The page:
MONTGOMERY - Students in Carrie McNear's web journalism course at Montgomery Area High School not only are strengthening their writing skills but also are informing the student body on happenings around the community.
"It makes them accountable to know what's going on around (the school district)," explained McNear.
For the first time at the high school, an entire course is dedicated to students learning about web journalism. McNear said students are learning about the structure of news articles, the difference between print and web media, among other aspects.
Montgomery Area High School web journalism students are edit and paginate their publication. Clockwise from bottom left are Rachel Wertman, junior; Melissa Roseberger, senior; Alicia Propst, senior; Aris Shah, senior; and Autumn Grab, junior.
Students are responsible for writing and putting together the class' online publication, "Raiders Digest." Each edition includes features on students, teachers, extra curricular activities and new students to the district.
The course was created when school staff were looking at ways to offer more elective classes that focus on writing.
"It was to really try to support our writing initiative here but in a different outlet," McNear said.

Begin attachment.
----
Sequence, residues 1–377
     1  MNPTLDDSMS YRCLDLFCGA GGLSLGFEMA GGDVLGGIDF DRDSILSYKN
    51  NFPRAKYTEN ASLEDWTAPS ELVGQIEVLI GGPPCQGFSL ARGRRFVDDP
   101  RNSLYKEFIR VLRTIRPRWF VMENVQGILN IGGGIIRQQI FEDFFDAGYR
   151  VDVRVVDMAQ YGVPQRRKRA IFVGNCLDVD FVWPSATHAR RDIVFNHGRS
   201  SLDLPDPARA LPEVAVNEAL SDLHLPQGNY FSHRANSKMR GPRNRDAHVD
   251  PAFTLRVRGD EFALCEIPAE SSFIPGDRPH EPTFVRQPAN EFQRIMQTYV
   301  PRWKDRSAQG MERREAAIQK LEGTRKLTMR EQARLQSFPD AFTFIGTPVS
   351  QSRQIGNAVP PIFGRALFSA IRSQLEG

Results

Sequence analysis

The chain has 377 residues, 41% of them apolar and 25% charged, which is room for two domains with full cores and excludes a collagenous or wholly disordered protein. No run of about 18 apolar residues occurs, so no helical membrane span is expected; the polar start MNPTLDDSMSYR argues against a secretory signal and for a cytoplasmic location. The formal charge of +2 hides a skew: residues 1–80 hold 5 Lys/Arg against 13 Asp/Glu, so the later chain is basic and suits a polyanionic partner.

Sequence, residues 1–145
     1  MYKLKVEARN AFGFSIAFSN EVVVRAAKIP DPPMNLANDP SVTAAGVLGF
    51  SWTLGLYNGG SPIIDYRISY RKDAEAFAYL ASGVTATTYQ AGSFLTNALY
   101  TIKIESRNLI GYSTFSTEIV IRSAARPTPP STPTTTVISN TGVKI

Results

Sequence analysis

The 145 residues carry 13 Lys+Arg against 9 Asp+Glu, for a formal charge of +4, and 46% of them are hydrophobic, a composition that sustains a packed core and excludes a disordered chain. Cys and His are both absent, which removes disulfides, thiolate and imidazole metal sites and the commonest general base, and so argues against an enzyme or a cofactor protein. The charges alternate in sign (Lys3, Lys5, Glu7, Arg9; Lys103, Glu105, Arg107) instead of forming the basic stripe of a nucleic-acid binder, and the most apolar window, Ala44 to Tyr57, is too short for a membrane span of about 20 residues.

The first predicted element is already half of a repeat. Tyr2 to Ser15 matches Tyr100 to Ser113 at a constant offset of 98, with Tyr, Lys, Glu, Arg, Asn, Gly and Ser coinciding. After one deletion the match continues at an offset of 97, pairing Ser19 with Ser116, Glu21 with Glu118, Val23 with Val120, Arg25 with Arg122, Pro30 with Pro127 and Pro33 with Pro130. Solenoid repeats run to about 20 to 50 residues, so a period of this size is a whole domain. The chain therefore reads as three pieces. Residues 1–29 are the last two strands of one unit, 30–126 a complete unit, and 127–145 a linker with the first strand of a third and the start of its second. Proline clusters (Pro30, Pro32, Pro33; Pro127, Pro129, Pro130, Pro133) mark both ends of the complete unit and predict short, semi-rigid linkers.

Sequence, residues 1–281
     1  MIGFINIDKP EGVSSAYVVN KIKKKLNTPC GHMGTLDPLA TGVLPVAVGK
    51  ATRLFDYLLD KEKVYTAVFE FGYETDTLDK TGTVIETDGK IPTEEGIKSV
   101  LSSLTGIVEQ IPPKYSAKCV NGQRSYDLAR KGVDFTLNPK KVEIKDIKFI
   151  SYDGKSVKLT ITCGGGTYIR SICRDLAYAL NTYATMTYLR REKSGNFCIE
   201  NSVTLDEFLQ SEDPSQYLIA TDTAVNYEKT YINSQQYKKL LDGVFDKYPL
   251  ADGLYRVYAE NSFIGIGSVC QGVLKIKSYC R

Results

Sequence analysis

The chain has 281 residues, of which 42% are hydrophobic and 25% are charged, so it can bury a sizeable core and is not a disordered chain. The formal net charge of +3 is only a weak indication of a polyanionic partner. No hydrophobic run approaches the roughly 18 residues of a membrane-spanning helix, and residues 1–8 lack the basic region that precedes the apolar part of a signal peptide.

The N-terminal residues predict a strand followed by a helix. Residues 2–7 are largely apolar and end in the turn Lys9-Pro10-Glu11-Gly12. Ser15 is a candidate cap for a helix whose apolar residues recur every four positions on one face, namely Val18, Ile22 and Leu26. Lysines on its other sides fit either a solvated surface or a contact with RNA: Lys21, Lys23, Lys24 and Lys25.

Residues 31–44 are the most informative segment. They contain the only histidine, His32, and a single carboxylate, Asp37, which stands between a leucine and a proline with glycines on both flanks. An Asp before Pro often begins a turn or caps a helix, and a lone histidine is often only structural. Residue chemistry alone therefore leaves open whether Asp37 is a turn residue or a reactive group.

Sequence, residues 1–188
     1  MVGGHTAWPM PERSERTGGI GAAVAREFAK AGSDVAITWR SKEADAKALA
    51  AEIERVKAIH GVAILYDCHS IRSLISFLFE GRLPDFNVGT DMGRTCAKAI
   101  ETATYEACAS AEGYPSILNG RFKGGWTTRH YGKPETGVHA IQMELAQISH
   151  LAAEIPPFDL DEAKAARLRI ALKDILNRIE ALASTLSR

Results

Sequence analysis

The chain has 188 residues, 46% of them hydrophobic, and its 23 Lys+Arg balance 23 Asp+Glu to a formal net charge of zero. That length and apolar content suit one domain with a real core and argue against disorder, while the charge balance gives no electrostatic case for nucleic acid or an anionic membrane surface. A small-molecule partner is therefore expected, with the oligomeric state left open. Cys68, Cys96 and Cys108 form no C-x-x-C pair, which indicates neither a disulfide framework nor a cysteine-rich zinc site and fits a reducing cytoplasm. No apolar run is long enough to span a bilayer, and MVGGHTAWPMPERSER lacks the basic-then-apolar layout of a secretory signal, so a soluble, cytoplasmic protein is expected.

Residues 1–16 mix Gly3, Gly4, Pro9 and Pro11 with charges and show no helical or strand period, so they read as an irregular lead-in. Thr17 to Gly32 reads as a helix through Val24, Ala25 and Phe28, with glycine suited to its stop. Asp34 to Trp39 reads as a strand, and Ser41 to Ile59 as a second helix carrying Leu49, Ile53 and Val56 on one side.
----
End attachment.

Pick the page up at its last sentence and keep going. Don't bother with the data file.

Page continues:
And by the class requiring students to publish their work, it gives them extra motivation to polish their work.
"I think that (students) are seeing that it's not just turn it in, teacher sees it and they receive a grade," said McNear. "They're accountable to others who are seeing it."
Matthew Reinhart, a senior in the class, said the fact that the publication is online fits in perfectly with the district's push for technology, as students already have iPads. Reinhart previously took the high school's broadcast classes with McNear, which made him interested in trying something new. He added that the course is sharpening his writing skills.
Kaitlyn Hipple, another senior in the class, saw this as an opportunity to get a jump start on her career. Hipple plans to study journalism after graduation and called the course "a gift."
"It made me really have a belief that this is what I want to do," she said. "I have a passion for it."
McNear said that the students really have embraced the class. She noted that the hope was to have one digest published before the end of the semester and the class currently is set to launch its third.
"The kids have just taken off with it," she said.
McNear hopes that the class will continue to grow in the coming years. She would like to see two levels of the class. The first level, she explained, would teach the basics with the second being able to build upon that with the digest.
She added that students have taken ownership of the class and help shape it.
"I have been really excited about their ideas," McNear said.